– Consequently, autonomy means the division of authority between the central state authorities and the institutions of autonomy. Constant co-operation is needed between the central government and the executive body of autonomies, and the inclusion of arbitration forums and organisations is needed for disputed issues.

– Autonomy may be created in different ways: a) Based on international treaty, amendment of the constitution, minority statute, or on historical or customary law; b) By the reform of the internal public administrative system of the state; c) By an internal self-determination of the minority community acknowledged by the majority and by the state; d) As a corollary of the transformation or disintegration of the given state; e) As a consequence of an international legal decision in the wake of conflicts resulting in changes of the external borders of the state, or of its internal administrative boundaries and spatial ethnic structure, or aiming at those prevention or their closing; f) As a result of an agreement between the states involved; d) By the development of the special status of the characteristic conditions of an area that can be well delineated geographically, ethnically, historically, etc. (for instance, the so-called island autonomies like on Greenland, the Faroe-islands, the Aland-islands, or Corsica within France, or of the specificities of Scotland and Wales as historical provinces); g) The international community may also play a major role as it is shown by the examples of Kosovo or Gagausia.

– Autonomy may only be modified with the agreement of the state and of the autonomous community. The conflict-potential of the autonomy of minorities may decrease with the gradual limitation of the sovereignty of states, as, for instance, the separating borders of the 20th century are being replaced by state borders of the type of linking and permeability, the Euro-regions create opportunities for the development of autonomous multicultural regions by linking the border regions of states.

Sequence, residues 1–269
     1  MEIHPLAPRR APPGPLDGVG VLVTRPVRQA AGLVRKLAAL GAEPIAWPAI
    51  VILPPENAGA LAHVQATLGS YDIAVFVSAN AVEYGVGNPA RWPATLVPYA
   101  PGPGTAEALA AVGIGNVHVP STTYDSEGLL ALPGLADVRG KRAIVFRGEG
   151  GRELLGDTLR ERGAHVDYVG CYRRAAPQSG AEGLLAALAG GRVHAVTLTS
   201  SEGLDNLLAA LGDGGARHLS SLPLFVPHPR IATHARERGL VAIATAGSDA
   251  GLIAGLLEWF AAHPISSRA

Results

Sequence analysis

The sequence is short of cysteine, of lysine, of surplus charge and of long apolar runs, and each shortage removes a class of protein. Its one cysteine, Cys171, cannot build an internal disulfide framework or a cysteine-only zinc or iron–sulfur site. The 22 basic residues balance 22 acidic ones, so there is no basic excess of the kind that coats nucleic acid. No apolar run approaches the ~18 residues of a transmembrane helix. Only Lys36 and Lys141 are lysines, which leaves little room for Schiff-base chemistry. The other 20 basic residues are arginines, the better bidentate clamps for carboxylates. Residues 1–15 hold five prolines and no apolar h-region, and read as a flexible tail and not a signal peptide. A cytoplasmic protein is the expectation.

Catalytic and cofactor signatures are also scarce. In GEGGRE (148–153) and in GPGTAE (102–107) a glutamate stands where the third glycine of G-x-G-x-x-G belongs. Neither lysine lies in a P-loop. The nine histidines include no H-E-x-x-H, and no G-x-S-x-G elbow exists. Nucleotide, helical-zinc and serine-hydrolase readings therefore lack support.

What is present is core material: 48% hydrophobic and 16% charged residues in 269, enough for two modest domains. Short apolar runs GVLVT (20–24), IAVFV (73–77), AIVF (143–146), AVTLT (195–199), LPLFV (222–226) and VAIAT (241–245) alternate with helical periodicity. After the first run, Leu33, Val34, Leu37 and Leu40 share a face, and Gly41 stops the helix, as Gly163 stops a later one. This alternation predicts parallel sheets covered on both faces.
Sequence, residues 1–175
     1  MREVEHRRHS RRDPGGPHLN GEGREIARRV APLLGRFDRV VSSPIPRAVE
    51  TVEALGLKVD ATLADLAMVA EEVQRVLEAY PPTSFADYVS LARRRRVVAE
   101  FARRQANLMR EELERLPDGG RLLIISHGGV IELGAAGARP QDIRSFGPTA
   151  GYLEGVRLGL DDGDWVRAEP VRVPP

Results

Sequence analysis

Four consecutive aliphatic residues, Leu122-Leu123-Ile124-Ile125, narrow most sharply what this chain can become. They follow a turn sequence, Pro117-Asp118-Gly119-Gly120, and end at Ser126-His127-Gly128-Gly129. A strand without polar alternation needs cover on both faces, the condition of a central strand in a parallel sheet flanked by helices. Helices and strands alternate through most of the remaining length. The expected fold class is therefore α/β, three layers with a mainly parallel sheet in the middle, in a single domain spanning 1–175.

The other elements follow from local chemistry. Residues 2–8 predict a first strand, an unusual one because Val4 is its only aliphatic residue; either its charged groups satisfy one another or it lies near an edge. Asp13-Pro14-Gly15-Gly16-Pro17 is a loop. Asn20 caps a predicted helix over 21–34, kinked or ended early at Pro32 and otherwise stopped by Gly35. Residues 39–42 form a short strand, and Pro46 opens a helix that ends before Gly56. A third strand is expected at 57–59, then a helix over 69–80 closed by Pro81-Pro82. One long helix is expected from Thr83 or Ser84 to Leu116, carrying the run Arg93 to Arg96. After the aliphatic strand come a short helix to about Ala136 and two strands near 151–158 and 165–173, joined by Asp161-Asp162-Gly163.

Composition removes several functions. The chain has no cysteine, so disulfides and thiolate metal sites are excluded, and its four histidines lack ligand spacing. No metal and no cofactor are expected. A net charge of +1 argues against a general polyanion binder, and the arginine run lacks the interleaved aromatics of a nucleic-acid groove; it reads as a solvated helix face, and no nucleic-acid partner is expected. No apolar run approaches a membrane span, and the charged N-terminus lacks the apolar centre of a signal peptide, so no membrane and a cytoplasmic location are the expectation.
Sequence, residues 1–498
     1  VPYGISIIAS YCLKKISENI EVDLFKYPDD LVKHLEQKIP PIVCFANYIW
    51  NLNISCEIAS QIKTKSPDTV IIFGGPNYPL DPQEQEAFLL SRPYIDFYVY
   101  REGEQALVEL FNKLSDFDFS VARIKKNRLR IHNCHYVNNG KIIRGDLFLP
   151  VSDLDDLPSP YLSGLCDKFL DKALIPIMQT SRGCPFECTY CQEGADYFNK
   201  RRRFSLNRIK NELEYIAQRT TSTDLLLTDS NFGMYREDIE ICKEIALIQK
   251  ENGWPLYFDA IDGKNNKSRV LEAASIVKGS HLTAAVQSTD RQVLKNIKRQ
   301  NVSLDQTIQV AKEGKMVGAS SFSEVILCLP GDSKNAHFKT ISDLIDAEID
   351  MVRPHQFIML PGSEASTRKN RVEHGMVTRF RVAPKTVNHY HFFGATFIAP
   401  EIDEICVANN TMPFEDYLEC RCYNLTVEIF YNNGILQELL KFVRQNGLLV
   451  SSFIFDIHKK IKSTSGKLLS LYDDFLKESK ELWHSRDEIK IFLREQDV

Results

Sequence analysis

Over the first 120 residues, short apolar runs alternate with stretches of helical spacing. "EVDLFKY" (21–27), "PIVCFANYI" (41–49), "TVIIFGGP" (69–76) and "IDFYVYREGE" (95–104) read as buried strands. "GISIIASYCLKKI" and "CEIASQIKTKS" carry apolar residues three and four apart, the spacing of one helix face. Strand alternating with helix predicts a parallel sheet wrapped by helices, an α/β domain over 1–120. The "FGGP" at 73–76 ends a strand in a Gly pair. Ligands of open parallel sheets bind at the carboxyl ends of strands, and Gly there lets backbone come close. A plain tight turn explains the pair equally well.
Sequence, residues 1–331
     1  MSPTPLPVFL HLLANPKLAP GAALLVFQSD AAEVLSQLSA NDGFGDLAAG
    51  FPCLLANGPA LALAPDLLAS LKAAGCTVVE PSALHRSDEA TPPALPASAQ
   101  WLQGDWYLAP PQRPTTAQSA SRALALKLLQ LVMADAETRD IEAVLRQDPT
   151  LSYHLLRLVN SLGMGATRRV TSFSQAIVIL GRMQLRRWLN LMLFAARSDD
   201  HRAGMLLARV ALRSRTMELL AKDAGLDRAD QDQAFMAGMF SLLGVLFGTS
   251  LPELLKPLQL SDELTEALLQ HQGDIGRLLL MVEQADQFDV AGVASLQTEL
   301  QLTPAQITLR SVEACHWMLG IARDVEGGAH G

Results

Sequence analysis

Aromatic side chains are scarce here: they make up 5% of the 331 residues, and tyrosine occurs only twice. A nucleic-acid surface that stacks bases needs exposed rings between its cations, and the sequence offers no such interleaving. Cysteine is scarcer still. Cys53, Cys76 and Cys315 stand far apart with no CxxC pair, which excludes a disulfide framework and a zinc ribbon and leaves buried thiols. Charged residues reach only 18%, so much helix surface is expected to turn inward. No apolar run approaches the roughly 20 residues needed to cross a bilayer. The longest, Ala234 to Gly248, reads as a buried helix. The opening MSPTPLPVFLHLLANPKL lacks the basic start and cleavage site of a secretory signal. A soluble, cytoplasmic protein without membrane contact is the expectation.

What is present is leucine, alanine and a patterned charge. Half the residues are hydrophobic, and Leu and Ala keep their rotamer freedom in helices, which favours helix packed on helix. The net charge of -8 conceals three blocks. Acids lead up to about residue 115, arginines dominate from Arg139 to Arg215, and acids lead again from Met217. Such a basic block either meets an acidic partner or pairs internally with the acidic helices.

– The safest means for hindering the further “Balkanisation” of Europe and particularly of the South-eastern and East Central European regions may again be offered by the development of the system of autonomies, for the autonomous regions and communities share state sovereignty without the dissolution of the original states.

– Minority autonomy is the highest level of collective rights acknowledged and guaranteed by the state for the minority community capable of self-organisation.

– The central government would transfer part of the exercise of authority to the governing body of the autonomy in a region inhabited by the minority in matters of the minority language, education, culture, religion, etc. In the wake of the processes of European regionalisation the financial, developmental, and political autonomy of the regions becoming increasingly vigorously autonomous point to the direction of the autonomy of multiethnic regions. It necessitates the development of multicultural models in the case of minorities living along borders or in regions of mixed ethnicity even within a given region.1

The 1991 November resolution of the European Parliament, dealing with Union citizenship stated that the identity of the historical ethnic and linguistic communities on the territory of Member States, in other words not that of the new immigrants, and the coexistence of different ethnicities should be supported and the real equality of citizens should be ensured. In addition efforts should be made for the preservation of the special local, regional or group forms of self-governance and for the promotion of co-operation among regions and stretching over state borders.